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The modern ways of living, working and socializing changes our demands and expectations on the food we eat. We eat alone or with friends. We eat on the go, in the open, at the office, or at home. Our goal at Blue Light Yokohama is to make healthy, tasty, convenient and flexible food that suits all these situations and demands.


We concentrate on bringing out the goodness that is already there, in the raw ingredients. We do not change it.

We look for the best ingredients we can find; fish, meat, fowl and produce. The ingredients are prepared for their purposes; Bento Station meals for take away or dinner and lunch at the izakaya.


We grill, steam, fry or simmer or serve the ingredient raw, as in sushi. Then you eat it at our izakaya, at home or at the office.

No matter where you are, our goal is that your food will be a true experience of the Japanese way to prepare, cook and serve food

That is good for the body and soul. Please enjoy.


The most important part of a Japanese recipe is the cooking method. These are the five main methods that we use at Blue Light Yokohama to draw out the goodness from the raw materials. Some of the methods take quite a while to master, but don’t be afraid of trying it at home. If you set your mind to it, you can be a Master Fryer in only five years!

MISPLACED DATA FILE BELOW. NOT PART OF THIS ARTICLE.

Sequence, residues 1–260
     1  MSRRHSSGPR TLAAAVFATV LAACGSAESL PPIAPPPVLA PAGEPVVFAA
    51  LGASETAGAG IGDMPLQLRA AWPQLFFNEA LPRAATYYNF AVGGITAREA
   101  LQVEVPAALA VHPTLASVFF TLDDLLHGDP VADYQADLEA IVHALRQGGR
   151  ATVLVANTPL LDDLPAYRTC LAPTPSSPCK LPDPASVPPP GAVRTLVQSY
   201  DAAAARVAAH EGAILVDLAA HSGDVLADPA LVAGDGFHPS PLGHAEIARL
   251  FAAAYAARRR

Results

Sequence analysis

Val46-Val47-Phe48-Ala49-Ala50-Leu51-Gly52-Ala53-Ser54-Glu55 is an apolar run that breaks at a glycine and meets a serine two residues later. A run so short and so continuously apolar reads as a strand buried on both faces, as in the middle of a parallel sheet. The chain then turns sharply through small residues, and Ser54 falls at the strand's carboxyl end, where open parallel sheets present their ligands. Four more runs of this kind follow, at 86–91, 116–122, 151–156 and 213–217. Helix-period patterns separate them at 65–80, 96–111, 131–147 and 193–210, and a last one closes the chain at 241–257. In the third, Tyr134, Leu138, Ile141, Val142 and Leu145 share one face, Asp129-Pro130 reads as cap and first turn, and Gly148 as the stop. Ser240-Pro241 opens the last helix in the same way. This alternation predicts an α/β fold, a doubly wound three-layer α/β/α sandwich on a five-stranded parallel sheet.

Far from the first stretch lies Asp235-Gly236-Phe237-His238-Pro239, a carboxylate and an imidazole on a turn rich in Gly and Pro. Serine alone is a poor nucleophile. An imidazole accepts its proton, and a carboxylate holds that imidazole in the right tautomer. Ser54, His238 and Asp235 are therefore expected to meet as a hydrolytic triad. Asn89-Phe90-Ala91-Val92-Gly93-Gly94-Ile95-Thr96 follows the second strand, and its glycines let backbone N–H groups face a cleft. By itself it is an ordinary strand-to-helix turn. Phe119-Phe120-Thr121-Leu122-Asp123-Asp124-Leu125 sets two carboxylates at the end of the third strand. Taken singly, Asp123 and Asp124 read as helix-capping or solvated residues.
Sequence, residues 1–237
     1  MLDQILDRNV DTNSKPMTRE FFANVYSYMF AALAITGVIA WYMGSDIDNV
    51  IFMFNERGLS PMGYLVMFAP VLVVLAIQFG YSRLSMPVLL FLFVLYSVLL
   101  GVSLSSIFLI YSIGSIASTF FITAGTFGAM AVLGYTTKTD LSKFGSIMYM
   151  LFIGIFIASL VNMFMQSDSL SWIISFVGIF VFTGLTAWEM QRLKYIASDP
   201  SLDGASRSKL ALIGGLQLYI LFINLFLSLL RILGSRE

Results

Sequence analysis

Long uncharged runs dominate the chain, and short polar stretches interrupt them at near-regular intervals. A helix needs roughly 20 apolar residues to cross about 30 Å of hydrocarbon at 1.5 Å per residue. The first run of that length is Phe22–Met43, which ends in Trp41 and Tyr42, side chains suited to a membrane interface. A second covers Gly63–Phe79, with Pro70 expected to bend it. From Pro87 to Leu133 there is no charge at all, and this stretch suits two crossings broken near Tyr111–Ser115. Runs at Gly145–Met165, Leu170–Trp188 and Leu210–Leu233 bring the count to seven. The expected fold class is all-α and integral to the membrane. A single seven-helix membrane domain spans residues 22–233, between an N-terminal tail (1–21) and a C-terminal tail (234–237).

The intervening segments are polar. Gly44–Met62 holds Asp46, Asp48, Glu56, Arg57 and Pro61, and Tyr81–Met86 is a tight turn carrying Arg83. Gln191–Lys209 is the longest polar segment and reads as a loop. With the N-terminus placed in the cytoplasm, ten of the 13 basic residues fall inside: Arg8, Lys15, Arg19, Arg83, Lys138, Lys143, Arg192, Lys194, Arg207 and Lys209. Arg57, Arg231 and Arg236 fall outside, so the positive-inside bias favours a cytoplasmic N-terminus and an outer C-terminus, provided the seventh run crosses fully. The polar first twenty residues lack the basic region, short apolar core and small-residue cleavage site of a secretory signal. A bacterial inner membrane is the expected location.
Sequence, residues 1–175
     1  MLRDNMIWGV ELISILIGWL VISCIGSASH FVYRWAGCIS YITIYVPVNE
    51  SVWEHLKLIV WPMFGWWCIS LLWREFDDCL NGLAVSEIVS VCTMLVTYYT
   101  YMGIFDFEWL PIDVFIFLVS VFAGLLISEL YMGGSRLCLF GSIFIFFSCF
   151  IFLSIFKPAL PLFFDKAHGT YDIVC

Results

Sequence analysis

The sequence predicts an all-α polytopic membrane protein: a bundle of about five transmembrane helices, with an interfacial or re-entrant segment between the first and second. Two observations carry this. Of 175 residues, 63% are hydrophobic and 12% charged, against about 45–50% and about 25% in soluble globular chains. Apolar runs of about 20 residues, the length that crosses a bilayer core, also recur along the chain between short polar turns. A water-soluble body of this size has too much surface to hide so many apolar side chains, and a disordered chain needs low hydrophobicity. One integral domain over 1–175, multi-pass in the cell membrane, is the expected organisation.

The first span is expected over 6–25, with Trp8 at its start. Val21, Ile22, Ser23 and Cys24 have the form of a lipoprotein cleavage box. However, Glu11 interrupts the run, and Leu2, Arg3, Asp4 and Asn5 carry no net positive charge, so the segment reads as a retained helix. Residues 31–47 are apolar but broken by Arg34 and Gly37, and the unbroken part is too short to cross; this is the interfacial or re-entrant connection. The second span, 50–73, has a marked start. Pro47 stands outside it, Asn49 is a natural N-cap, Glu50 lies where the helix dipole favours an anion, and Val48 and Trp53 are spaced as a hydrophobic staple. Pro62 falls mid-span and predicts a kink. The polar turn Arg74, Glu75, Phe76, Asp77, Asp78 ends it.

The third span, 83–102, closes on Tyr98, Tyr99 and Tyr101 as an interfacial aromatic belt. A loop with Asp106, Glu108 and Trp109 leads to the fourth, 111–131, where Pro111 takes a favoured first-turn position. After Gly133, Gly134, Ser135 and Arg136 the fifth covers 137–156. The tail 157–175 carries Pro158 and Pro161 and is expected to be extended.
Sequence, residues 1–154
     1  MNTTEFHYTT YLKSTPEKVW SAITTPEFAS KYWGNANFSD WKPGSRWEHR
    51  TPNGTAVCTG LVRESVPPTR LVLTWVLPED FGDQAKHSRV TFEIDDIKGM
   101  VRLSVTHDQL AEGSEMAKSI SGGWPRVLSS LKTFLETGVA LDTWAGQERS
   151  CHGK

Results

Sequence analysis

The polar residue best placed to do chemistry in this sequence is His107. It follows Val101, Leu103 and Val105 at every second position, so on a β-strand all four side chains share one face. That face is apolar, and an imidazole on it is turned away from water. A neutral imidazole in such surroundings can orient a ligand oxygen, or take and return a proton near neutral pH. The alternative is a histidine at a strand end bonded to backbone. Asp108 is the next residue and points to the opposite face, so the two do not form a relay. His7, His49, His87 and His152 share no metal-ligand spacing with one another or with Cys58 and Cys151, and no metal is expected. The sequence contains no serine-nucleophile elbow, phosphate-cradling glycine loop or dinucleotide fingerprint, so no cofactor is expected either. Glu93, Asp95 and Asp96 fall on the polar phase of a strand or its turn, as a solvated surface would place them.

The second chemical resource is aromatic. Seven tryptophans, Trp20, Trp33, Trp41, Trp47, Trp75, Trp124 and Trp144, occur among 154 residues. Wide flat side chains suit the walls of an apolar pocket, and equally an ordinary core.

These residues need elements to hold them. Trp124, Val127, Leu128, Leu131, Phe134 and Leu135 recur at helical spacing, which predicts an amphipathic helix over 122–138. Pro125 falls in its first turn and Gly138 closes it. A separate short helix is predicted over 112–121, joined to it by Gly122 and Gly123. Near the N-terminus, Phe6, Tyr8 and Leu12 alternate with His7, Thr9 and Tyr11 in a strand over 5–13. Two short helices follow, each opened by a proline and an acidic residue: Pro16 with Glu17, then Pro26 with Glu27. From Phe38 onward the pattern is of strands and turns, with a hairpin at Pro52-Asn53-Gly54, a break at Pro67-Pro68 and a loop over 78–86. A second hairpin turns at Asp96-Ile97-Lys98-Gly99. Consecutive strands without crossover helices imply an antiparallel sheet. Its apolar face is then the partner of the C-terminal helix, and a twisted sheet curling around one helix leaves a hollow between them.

Agemono – fried

The temperature and length of frying is adjusted to the ingredient and the batters. The most important thing is to keep the natural flavours of the ingredients. That’s why the frying time is much shorter than in western style frying. We only use light vegetable oil.

Mushimono – steamed

Steaming maintains more of the nutritions in the ingredients and brings out natural flavours like nothing else. We sometimes combine steaming with other cooking methods, to reduce fat before grilling for instance. You can steam practically anything, but we prefer to steam tender ingredients that need to taste as natural as possible.

Namamono – raw, lightly seared and boiled

Naturally, food that is to be eaten raw needs to be as fresh as possible when served. We pride ourselves in keeping track on origins, distribution conditions and transport lenghts of all ingredients served at our Izakaya and Bento Stations. That makes it easier for us to decide how to preserve the freshness until the food is served.

Nimono – simmered Simmering is just like the game Master

Mind, it takes a minute to learn but a life time to master. The broth, dashi, is the single most important element in Japanese cooking, and when it comes to simmering, it is equally important as the quality of the ingredient you are about to cook. The main ingredients in a dashi is konbu or seaweed and katsuobushi, dried and smoked flakes of skipjack tuna. But the amount of knowledge required to create the perfect dashi is staggering. We at Blue Light Yokohama humbly believe that we have come a long way with our dashi and that you will be very pleased with it. But in about fifteen to twenty years it will be perfect. Maybe. The starting rules if you want to make your own dashi is never let it boil and a basic knowledge of in which order to add ingredients and flavours.

Yakimono – grilled and pan fried

According to tradition, it takes only three years to be a be a master at yakimono. That’s two years less than becoming a deep fry champion! We preserve the goodness and flavour on the inside and make the outside crisp and delicious by grilling in high heat over open fire for a short time. Sometimes a bit of burn mark is added for flavours and colour.